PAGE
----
An unemployed Indian man from Nevada who just voted for President Trump (‘I am voting for Trump give me five Navajo Indian reservation’, 2016). A brothel next to a gas station (‘Alien cat girls brothel, Death Valley’, 2016). An unmade bed in Antwerp (‘Bed, ‘Antwerp’, 2016). Two people hanging out of a window in an apartment in a suburb of Lyon (‘Dudes by the window’, 2016).
It is a visual cacophony of city-scapes, airports, skyscrapers, party people, tramps and junkies. And text, lots of text, written on small memos. To guide us in her world of thought.
De Bruijn connects the seemingly random topics. They give us no unambiguous meaning or informational value. But together they form her instrument to feel safe. The peace that emanates from empty cities merges easily with the chaos of an afterparty. This convergence of chaos and peace is home to her..
In her black and white series "Empty Cities" (2010 - ongoing) the skyscrapers with their seemingly endless glazing walls are compositions with high angles that offer us a microworld where the passage of time and the intensity of the sound is different. Chaos and peace is also located in a singular photo such as her self-portrait in which she pulls out her t-shirt in front of the window with in the background a basilica.
Even in her most raw photographs which she named "Weekend Warriors" (2009 - 2016), De Bruijn looks beyond the merely documentary significance to grasp the comprehensive. Just like Wolfgang Tillmans, De Bruijn is part of the documentary of her own life, thus making her images not voyeuristic. The friends in this series look stoically in her lens, stoned, stuffed with pills, sloshed, but assured of themselves, to the point of arrogance, in what is often a third or fourth day of an afterparty. Their glances are penetrating, almost accusatory. "Why fuck the world"?.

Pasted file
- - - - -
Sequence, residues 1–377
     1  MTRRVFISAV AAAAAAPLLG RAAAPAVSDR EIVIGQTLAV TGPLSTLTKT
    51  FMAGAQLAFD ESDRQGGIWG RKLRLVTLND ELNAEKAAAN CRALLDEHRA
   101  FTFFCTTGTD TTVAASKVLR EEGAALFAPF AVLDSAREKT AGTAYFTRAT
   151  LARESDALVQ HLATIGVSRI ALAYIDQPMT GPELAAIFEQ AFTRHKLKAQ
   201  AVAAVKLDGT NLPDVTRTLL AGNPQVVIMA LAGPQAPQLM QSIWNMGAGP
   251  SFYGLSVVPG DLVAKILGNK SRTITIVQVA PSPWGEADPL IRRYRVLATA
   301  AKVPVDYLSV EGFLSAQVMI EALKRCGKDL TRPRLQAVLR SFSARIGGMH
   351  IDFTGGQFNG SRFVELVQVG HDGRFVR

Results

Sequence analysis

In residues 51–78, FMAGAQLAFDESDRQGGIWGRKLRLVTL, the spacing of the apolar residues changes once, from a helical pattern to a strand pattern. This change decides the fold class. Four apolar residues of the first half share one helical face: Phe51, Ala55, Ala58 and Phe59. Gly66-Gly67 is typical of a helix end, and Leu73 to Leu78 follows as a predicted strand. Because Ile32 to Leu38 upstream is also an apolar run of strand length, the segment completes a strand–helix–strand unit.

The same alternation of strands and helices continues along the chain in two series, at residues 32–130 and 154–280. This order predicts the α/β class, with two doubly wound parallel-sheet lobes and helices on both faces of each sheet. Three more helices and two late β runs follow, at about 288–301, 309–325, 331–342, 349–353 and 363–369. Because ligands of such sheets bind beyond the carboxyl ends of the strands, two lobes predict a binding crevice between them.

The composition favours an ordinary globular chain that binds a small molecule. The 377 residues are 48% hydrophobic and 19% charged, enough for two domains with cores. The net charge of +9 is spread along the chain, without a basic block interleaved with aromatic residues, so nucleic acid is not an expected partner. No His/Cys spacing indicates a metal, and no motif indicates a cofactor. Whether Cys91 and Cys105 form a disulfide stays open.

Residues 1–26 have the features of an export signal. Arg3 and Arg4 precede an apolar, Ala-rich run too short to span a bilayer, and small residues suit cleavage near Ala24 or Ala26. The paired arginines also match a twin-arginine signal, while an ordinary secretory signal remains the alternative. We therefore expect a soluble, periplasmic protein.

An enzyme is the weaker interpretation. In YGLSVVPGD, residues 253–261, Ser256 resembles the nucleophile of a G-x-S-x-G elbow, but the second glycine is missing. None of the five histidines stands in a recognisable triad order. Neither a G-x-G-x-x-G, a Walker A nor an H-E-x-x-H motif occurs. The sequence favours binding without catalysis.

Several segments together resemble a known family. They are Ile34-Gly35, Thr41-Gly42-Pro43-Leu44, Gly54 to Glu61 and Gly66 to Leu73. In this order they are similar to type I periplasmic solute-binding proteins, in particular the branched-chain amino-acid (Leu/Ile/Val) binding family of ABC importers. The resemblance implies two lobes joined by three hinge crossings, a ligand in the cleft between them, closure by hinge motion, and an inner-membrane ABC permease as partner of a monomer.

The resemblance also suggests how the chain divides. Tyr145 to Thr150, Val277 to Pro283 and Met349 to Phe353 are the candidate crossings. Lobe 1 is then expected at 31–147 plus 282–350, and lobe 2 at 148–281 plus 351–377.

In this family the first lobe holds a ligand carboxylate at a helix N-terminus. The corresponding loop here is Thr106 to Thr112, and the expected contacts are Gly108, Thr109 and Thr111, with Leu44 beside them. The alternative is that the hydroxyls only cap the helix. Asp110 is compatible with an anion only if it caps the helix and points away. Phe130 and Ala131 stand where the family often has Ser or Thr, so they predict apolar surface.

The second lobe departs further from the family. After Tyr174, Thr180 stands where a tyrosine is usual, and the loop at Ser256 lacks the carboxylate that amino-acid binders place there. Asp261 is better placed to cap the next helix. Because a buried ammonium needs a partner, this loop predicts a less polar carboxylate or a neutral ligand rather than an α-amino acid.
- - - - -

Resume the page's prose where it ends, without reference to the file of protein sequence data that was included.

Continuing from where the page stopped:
Photography is a product of her life. De Bruijn’s photos have a soul. For her the whole process counts. From creating the image, to the development of the negatives in her bathroom by herself to the printing. Her old Hasselblad can fall, like it did many times. The camera also has a soul.
With her sense of composition, these images (and texts) ensure that we begin to see the world in its various beauties with more appreciation. There is not only noise. There is also sound.
Gioia de Bruijn graduated with honours from the Camberwell College of Arts in London. Her work was exhibited at Found Reality, Amsterdam; Flatland Gallery (in de groupshow ‘Gardening’ 2016 and ‘Hunting’, 2014), Amsterdam; Unseen Photo Fair, Amsterdam, 2015 and 2016; The Fence, Fotofestival Naarden, 2015; Pakhuis de Zwijger (solo), Amsterdam, 2013; Van Gogh Museum, groupshow, Amsterdam; Rauwer, PUP / Hutspot Gallery, Amsterdam 2012 ; Camberwell College of Arts, London, 2012; Underground Gallery, Charing Cross station, London, 2012 and Bermondsey Biscuit Factory, London, 2009.